Some plans are a tall order
by Lisa Tome
It isn't everyday that the plans for a giraffe house land on your desk.
But for Jeff Thorpe, Plans Reviewer for the Cecil County Department of Permits and Inspections, the plans for Jimmie's House, a giraffe house for Plumpton Park Zoo, were treated like any project.
"It has a tall side and a conference and employee area," said Thorpe.
The building features a portion with 18-foot ceilings. It also has two floors and measures 5,106 square feet. "This (plan) is reviewed just as anything else is," he said.
The giraffe house isn't the only commercial type property that Thorpe is in the process of reviewing. An Auto Zone store is in the works for a pad site at the North East Station shopping center.
A longstanding restaurant, the former Lafayette Inn, between Rising Sun and Conowingo is due for a remodel. Walter and Brenda Hanks have applied for a permit to completely renovate the restaurant and bar. "We're in the middle of a spurt," said Thorpe.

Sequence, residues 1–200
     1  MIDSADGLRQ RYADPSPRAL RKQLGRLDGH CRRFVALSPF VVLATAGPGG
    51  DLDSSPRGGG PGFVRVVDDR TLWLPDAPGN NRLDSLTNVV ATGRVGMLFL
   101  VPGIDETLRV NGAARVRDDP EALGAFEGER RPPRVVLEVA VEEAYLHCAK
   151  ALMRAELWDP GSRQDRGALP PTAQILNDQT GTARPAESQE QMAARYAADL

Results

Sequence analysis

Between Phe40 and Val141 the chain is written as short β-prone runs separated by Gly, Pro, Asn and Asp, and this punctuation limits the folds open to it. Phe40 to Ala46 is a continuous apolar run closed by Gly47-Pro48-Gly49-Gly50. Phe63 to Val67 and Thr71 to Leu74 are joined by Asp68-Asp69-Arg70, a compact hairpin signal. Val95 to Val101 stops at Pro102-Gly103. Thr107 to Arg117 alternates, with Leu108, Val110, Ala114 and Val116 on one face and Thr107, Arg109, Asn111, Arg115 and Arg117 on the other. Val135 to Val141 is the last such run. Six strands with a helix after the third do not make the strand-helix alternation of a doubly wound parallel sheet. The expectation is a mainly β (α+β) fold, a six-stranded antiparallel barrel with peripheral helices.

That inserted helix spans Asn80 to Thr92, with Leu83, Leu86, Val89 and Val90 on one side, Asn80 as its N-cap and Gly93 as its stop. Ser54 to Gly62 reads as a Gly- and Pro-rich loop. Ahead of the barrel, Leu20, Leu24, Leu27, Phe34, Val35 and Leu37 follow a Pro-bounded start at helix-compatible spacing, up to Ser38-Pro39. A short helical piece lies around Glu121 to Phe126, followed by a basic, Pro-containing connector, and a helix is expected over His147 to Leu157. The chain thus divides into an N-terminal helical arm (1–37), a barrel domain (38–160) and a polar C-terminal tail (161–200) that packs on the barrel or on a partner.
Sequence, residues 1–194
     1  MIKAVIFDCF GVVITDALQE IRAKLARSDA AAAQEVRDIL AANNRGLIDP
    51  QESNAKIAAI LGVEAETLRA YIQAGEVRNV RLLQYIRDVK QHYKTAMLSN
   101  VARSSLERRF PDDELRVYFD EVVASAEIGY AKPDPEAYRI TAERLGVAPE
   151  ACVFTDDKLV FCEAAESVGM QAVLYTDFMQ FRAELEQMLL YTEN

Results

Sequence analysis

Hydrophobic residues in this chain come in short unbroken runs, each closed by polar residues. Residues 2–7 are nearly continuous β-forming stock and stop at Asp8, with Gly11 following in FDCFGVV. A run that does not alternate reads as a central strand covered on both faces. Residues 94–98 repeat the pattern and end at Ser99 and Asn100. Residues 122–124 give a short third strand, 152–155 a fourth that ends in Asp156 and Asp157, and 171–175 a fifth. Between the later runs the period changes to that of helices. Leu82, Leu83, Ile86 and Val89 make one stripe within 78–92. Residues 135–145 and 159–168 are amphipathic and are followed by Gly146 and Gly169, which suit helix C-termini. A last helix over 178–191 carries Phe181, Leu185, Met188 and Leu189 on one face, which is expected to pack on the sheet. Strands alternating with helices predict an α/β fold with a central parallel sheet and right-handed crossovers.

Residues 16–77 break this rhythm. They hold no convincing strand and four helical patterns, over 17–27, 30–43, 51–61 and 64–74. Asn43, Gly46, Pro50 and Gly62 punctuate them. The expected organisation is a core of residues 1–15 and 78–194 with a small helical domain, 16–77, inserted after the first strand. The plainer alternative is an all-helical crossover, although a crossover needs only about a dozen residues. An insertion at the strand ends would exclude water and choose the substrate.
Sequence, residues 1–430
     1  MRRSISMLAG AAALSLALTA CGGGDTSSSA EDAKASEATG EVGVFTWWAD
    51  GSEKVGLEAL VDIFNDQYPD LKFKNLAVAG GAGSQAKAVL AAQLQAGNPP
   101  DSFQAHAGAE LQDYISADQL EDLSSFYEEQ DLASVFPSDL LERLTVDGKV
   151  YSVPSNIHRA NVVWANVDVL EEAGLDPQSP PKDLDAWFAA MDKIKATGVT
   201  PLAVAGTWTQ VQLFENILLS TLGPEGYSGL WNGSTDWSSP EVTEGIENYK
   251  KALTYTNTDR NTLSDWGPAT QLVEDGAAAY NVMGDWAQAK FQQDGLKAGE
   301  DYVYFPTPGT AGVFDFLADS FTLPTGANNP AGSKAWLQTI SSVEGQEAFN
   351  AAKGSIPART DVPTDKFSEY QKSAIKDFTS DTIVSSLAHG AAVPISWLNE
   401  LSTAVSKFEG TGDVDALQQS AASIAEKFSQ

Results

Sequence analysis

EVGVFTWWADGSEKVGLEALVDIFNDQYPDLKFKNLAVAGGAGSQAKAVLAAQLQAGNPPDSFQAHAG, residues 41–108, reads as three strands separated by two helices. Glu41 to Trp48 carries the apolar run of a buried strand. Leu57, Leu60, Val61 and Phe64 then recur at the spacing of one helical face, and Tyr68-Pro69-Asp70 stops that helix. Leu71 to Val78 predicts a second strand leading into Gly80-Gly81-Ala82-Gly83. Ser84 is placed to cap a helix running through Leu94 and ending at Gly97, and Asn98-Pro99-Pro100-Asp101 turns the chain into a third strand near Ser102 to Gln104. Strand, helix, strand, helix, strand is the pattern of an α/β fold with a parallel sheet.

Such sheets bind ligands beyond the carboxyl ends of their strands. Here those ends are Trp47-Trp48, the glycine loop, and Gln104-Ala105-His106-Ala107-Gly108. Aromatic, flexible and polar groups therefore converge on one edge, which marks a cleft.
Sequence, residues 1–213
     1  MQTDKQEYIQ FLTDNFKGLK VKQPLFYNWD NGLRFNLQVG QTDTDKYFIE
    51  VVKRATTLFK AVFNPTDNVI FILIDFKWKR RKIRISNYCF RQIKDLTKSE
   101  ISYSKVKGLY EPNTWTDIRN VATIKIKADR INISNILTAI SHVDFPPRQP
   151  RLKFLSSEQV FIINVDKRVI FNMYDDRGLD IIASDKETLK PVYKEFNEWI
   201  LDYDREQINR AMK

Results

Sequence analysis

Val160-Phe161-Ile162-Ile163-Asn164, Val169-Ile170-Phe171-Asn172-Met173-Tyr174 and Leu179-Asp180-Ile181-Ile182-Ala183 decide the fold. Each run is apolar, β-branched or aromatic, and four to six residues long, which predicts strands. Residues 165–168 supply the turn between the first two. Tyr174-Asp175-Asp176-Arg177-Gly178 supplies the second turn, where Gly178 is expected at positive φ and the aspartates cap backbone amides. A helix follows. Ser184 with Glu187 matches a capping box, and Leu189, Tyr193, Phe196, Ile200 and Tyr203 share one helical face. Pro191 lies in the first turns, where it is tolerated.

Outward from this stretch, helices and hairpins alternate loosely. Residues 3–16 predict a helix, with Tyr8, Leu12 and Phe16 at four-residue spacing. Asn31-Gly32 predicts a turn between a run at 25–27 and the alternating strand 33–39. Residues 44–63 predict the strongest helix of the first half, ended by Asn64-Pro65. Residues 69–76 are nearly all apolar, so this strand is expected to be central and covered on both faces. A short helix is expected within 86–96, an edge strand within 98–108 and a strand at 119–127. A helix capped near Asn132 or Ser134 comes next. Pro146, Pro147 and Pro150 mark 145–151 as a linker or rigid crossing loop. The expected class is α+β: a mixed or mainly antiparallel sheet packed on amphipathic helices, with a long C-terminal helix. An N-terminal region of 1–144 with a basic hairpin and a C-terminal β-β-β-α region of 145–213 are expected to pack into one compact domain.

There has also been progress in the construction of a second power plant, Wildcat at Old Dominion. That second plant could bring up to 600 people to work on site by late fall.
But while Thorpe has a break in what has been a sluggish time in the department, the fiscal year from July 1, 2013 through June 30, 2014 won't soon be forgotten.
"It's probably the least amount (of permits) we've done total in 25 years," said Director of Cecil's Department of Permits and Inspections Patrick Conway. "I've been director for 25 years and I've never seen lower than this. But it hasn't decreased our workload."
Conway is speculating that the economy remaining sluggish and minimal job creation are major factors in Cecil.
"There are a couple thousand houses on the market and numerous foreclosures. When the economy was good and banks were lending a lot of money, people were buying stuff they maybe couldn't afford," Conway said.
He also said the new taxes in the state have had an impact. "We are overtaxed. Every time the legislative session meets, they come back with a new tax. The citizens of the state are taking the hit," he said. "Go to any shopping center in this county. You won't find one with every store occupied."
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